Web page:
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Conclusion should involve luck of dice rolls. A reason I would never even try Colonial.
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Simon DeSmet
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good point, i'll edit it.


Also to the above posters; I am aware that you can feed each other in navegador, but in my experience this can happen through opportunism as much as actual alliances.

I havent played imperial yet, but i am aware of it, and expect that i would like it more than navegador.

 
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Steve Duff
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Al Johnson wrote:
A group of 5 (or maybe 6) of us played Colonial at BGG CON and were VERY disappointed. We all agreed that it would almost turn into a game of diplomacy where we would all attack the leader since the game ended with the first player reaching so many point (believe it was 10). As a result, whenever someone got a couple points ahead of everyone else he would be attacked or people would not cooperate with him.


Blech, that's precisely why we detested Alien Frontiers. Awful game with the exact same result, there's a rotating leader board as each current leader gets repeatedly bashed until someone new becomes the leader, then that guy becomes the new bashee. The winner is the person who talks the others into not attacking him, or gets lucky and the others don't get the right things to attack him when he's the leader.
 
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Matt N

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I appreciate the thought and analysis you put into your review, but I'd really appreciate it if you'd copy your review into Word and just run a grammar and spelling check. Particularly for a long review, it would be much easier to grasp your points, and I think it would also help you to get more people reading the review all the way through.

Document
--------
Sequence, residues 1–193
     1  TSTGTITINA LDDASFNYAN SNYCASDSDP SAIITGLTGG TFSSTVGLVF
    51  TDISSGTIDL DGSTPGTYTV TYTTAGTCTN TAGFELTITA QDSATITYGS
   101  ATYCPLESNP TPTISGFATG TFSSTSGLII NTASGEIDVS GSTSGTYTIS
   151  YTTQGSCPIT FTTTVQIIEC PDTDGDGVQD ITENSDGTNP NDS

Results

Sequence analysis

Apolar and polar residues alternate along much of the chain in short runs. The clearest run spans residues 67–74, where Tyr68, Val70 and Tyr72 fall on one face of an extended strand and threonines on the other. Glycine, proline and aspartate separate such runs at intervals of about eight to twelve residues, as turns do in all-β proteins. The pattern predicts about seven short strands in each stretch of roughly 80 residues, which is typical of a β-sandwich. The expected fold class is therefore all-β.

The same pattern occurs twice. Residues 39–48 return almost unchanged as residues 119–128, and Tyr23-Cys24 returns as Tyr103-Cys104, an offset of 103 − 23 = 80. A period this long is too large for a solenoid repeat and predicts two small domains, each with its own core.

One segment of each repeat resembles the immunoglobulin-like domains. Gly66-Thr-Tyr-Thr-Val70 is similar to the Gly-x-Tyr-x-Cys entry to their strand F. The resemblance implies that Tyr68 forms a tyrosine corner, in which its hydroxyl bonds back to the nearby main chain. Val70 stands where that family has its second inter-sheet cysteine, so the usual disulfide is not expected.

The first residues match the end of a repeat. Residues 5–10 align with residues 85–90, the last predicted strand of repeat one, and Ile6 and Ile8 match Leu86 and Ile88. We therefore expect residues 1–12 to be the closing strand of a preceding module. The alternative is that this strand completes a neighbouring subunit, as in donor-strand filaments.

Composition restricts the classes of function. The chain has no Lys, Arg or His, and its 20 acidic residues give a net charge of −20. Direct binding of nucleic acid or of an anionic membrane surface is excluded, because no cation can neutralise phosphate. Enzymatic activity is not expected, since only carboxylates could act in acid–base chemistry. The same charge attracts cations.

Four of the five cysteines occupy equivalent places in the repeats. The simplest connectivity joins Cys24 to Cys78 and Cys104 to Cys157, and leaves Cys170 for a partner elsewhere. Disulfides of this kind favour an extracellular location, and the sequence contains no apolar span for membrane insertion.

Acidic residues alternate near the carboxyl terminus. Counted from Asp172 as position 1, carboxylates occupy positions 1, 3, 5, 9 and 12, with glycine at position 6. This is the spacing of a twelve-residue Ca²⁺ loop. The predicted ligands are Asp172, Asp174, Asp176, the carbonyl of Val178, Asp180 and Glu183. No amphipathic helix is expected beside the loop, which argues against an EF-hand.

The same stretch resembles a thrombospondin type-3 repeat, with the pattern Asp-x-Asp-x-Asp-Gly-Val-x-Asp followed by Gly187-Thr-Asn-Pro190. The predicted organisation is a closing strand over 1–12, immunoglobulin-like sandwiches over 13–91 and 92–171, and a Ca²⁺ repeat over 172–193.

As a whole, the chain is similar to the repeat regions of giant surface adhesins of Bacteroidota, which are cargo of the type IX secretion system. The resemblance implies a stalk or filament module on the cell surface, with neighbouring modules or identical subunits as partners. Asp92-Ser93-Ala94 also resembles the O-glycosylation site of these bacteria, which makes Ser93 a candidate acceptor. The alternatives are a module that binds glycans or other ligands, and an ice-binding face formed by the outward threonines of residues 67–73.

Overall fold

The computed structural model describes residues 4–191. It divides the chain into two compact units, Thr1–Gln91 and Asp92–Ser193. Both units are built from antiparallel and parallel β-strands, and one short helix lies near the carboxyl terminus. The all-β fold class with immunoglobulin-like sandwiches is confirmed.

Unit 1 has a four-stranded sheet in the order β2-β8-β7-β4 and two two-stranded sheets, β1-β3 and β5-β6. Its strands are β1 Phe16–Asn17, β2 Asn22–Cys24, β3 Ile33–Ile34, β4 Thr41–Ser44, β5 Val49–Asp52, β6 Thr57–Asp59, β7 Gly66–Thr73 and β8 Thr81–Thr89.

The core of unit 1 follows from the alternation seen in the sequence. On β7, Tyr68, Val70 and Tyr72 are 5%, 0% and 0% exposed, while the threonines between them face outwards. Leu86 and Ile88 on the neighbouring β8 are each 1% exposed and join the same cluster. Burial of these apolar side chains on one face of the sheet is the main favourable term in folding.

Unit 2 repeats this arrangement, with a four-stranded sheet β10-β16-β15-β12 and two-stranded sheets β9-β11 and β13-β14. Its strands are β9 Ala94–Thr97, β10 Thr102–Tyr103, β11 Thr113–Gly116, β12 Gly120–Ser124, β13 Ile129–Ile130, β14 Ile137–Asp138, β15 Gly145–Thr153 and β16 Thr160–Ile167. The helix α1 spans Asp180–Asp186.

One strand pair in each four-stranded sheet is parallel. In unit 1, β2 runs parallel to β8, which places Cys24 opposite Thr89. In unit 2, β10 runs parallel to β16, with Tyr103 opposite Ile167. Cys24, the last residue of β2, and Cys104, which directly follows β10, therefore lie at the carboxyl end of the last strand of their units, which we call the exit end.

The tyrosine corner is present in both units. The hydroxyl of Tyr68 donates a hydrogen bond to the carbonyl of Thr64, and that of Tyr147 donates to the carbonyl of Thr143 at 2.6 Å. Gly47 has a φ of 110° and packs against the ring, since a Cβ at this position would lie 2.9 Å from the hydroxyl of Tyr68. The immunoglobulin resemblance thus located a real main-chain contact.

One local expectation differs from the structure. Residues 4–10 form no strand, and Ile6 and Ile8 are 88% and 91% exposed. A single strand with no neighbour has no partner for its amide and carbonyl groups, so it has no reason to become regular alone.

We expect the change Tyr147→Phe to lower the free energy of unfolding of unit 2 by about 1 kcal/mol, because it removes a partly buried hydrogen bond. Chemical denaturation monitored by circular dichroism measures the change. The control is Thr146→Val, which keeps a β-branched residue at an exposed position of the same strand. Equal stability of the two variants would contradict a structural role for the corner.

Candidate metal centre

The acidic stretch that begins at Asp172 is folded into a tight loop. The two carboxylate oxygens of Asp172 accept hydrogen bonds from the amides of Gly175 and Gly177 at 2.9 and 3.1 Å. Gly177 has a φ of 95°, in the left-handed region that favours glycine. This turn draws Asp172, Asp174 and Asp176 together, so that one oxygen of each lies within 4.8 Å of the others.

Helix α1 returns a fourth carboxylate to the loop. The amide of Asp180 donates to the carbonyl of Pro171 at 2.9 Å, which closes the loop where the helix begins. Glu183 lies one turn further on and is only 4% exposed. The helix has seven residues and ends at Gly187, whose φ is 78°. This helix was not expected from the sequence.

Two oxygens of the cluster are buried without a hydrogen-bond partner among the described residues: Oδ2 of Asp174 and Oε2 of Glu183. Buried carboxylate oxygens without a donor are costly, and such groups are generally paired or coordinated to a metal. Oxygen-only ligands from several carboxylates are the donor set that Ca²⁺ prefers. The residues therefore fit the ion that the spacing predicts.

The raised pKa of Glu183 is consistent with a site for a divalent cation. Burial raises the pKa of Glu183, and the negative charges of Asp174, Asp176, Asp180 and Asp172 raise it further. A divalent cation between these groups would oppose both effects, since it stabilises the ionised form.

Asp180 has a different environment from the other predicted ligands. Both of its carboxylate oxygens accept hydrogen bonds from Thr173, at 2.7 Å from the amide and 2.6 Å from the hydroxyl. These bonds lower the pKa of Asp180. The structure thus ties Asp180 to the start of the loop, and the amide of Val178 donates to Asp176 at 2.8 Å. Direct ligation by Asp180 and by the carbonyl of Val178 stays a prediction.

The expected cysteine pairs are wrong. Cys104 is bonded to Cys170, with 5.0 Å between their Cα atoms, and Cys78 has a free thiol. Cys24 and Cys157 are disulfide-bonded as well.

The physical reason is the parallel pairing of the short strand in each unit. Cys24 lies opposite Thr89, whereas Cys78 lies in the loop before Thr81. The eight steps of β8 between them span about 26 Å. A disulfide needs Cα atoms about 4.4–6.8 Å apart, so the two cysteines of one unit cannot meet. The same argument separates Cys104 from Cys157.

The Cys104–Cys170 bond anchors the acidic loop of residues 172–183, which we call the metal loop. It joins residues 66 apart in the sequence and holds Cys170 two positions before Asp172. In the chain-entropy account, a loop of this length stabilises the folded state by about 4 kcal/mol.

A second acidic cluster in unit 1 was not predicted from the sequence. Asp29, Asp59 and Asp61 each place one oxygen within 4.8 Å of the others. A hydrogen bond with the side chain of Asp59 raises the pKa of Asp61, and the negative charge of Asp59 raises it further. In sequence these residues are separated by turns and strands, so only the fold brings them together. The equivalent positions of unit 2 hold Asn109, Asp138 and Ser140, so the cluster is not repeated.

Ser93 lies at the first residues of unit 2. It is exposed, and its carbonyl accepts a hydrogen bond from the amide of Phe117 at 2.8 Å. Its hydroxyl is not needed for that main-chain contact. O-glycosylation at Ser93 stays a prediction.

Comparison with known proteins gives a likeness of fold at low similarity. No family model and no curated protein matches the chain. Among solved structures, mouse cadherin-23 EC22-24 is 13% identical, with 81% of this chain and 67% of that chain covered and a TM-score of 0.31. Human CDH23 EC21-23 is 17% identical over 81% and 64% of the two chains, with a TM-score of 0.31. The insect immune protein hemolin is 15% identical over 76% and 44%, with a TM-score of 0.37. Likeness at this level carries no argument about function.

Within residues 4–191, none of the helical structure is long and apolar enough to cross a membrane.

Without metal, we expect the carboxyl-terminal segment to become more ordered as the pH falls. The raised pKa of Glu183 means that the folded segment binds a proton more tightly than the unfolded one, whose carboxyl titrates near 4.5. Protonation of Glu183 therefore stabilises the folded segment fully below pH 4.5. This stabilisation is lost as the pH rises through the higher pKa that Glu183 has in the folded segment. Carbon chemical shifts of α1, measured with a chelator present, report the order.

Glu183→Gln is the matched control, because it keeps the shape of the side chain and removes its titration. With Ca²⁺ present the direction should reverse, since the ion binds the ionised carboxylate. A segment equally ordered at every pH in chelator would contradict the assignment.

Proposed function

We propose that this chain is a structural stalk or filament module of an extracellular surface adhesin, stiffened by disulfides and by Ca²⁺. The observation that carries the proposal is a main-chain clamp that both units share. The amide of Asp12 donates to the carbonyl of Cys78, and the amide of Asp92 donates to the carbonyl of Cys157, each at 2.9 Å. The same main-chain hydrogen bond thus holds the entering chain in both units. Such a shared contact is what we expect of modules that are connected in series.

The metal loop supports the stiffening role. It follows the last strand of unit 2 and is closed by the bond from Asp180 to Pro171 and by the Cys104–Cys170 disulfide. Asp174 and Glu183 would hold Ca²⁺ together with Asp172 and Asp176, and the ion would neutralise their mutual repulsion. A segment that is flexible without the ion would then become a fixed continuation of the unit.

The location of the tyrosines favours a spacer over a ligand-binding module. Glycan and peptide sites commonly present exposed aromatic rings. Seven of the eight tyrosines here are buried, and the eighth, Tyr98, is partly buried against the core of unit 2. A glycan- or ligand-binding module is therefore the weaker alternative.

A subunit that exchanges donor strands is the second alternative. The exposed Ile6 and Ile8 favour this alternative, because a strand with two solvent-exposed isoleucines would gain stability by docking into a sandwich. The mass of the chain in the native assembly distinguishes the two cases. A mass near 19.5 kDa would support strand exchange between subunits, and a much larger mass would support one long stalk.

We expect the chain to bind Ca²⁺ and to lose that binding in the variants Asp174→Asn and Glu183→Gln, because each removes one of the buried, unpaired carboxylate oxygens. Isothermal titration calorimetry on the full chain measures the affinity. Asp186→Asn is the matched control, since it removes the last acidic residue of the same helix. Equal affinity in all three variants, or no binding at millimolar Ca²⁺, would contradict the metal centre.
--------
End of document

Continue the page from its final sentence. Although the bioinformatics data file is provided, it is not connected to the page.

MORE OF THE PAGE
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Kerry Harrison
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gohrns wrote:
Love Colonial. I play with a pretty aggressive group and we have lots of conflict (war, rebellion, privateers) as well as across the table diplomacy. People who don't like being ganged up on when they are on the brink of winning will not like this game. We had one guy play with us that liked to be left alone, and when he wasn't, would hold vendetta for rest of game even to his own detriment. His post game comment was "this game doesn't reward good play." What ever that means. Needless to say he didn't win. The game rewards balance and diplomacy. You cannot just go all out in one area. We learned wuickly the importance of a strong navy, which makes since in a exploration and colonizing game. I have played Nevegador and felt "meh" about it. I would play it again but I haven't added it to my collection. Colonial I would buy if it wasn't so freaking expensive.


Tom, who has Colonial in the Houston area?
 
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Tom Stearns
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Played this at BGG Con with a group that I regularly play with when I am in Ft Worth. I don;t know of anyone with it here, but it could be.

Rereading my post I can see where it sounds like we play it all the time.
 
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Maaike Fest
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Stunna wrote:
I appreciate the thought and analysis you put into your review, but I'd really appreciate it if you'd copy your review into Word and just run a grammar and spelling check. Particularly for a long review, it would be much easier to grasp your points, and I think it would also help you to get more people reading the review all the way through.


Yes!

And, prestiege tolken? Rondle?
 
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Clyde W
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Linksypoo: Colonial: Europe's Empires Overseas